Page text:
I mention all this because of the recent issue with Duck Dynasty. I have never watched an episode in my life. About the only television I watch on a regular basis is Doctor Who, so from what I’ve read I rather doubt I’d enjoy watching it. But I don’t have to approve of the show to realise that NBC’s treatment of its star was completely and totally beyond the pale.
Let me put this in context. Phil Robertson was asked for his opinion on homosexuality. He gave it. NBC promptly removed him from the show on the grounds that his opinions were homophobic … why, precisely?
Opinions are like assholes, if I can borrow a phrase; everyone has one. Phil Robertson’s opinion may or may not be valid and, frankly, I don’t care if it is or isn’t. No one is asking him to take part in homosexual acts and, at least to the best of my knowledge, he isn’t trying to stop homosexuals from engaging in homosexual acts. He isn’t required, as far as I can tell, to toe NBC’s party line on anything and I would be surprised to discover that his contract with them has a provision for penalties if he says something unfortunate.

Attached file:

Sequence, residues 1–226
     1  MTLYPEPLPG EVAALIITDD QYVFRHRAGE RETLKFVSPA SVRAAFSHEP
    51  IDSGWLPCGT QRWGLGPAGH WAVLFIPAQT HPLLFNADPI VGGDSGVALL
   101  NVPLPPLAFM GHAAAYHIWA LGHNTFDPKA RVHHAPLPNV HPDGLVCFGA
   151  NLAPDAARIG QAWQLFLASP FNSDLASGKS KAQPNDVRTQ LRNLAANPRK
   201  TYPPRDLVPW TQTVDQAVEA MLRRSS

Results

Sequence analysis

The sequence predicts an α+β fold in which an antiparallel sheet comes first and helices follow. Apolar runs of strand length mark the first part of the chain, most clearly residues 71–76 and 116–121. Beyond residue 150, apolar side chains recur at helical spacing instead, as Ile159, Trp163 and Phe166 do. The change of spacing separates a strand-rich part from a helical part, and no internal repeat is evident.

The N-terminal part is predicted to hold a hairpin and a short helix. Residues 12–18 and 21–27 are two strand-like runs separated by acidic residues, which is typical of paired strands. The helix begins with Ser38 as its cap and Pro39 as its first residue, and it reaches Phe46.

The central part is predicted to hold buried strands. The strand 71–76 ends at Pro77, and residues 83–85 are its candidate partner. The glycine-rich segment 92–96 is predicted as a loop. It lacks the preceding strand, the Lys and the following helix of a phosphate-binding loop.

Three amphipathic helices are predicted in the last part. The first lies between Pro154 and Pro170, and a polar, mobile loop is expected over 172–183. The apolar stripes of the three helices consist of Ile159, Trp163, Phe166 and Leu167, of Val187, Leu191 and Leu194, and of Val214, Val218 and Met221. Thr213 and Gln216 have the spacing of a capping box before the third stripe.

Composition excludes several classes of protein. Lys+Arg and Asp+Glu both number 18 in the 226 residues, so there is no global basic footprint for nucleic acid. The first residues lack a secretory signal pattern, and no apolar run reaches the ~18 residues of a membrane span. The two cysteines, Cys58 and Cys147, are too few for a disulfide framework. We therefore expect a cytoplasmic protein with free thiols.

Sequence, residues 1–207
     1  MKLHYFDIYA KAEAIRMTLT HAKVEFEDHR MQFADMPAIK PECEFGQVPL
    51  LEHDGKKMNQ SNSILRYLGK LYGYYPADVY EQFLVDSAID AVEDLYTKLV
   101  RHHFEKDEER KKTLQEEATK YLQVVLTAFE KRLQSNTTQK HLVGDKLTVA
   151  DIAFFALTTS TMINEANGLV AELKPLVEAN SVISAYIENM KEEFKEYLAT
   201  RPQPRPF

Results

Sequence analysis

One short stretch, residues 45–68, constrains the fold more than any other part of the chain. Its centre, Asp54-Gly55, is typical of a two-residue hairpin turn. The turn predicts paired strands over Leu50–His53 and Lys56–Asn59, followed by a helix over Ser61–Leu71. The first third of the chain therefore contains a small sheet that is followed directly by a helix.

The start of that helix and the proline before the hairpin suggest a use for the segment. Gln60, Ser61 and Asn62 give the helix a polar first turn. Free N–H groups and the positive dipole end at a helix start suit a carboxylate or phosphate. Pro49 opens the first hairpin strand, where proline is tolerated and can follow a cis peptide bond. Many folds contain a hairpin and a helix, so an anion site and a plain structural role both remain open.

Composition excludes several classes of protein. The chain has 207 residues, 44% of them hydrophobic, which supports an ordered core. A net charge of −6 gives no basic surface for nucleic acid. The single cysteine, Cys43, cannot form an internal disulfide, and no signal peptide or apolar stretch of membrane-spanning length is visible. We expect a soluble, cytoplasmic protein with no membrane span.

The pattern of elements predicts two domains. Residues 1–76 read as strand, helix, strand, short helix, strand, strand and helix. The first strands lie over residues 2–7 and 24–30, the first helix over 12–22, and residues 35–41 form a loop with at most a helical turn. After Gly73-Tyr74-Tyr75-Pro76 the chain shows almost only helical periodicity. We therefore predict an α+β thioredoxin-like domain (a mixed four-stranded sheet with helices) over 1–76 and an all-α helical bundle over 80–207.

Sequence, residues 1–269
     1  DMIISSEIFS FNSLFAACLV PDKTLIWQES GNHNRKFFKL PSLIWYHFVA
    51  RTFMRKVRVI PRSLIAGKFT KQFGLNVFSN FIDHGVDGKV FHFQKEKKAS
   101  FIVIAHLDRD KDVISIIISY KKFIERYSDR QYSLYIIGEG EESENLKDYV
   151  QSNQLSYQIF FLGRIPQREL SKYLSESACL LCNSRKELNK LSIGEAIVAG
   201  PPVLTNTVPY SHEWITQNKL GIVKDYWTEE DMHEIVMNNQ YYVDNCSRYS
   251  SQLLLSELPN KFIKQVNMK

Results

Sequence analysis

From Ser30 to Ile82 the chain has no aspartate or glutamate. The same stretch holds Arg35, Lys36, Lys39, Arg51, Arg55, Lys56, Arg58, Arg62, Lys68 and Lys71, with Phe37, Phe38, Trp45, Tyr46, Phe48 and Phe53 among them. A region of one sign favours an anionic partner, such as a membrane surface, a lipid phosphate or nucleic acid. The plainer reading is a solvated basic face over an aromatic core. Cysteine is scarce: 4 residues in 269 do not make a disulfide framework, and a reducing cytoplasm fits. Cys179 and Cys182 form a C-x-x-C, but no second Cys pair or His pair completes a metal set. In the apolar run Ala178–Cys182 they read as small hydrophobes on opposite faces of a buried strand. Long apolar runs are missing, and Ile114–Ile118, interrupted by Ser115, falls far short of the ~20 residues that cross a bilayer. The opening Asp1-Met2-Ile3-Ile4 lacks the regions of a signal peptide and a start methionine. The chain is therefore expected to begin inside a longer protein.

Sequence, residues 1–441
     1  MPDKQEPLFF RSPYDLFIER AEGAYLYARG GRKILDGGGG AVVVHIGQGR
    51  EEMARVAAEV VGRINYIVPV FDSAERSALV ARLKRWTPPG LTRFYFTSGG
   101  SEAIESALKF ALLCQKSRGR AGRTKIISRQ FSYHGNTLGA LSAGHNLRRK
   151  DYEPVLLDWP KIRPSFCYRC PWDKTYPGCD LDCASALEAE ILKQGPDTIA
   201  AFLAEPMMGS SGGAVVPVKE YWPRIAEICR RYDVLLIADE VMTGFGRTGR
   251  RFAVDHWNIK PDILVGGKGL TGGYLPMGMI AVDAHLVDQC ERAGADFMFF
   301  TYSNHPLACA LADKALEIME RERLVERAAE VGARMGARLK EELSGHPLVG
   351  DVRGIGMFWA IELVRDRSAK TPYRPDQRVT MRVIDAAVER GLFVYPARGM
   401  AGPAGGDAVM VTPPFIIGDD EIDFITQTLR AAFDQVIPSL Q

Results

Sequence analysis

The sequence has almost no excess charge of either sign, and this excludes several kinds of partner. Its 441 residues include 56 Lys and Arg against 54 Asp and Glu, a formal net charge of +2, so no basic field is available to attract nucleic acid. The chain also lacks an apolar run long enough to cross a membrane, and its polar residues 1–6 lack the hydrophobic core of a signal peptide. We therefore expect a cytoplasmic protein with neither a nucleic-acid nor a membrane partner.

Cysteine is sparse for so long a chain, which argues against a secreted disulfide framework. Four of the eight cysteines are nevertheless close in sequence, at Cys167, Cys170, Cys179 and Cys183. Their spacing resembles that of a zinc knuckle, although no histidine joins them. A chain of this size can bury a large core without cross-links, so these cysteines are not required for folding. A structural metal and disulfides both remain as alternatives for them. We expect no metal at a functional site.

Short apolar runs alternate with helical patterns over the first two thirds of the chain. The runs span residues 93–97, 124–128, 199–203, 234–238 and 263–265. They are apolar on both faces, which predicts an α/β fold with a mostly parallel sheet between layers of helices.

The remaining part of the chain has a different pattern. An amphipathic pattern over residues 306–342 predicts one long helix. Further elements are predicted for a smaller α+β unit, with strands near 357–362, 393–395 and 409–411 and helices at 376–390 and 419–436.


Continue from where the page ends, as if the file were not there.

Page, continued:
The problem here is simple. Phil Robertson is being penalised for daring to utter a non-PC opinion. He was hammered for his imprudence, which will have a dampening effect on any future public discourse. Who will dare to utter an opinion if they fear for their jobs or reputations? What will be left, but pandering to the group-think laid out by pressure groups that claim to fight on behalf of threatened minorities? And, with opinions constantly changing, who will even be able to follow the ‘right’ course of thinking?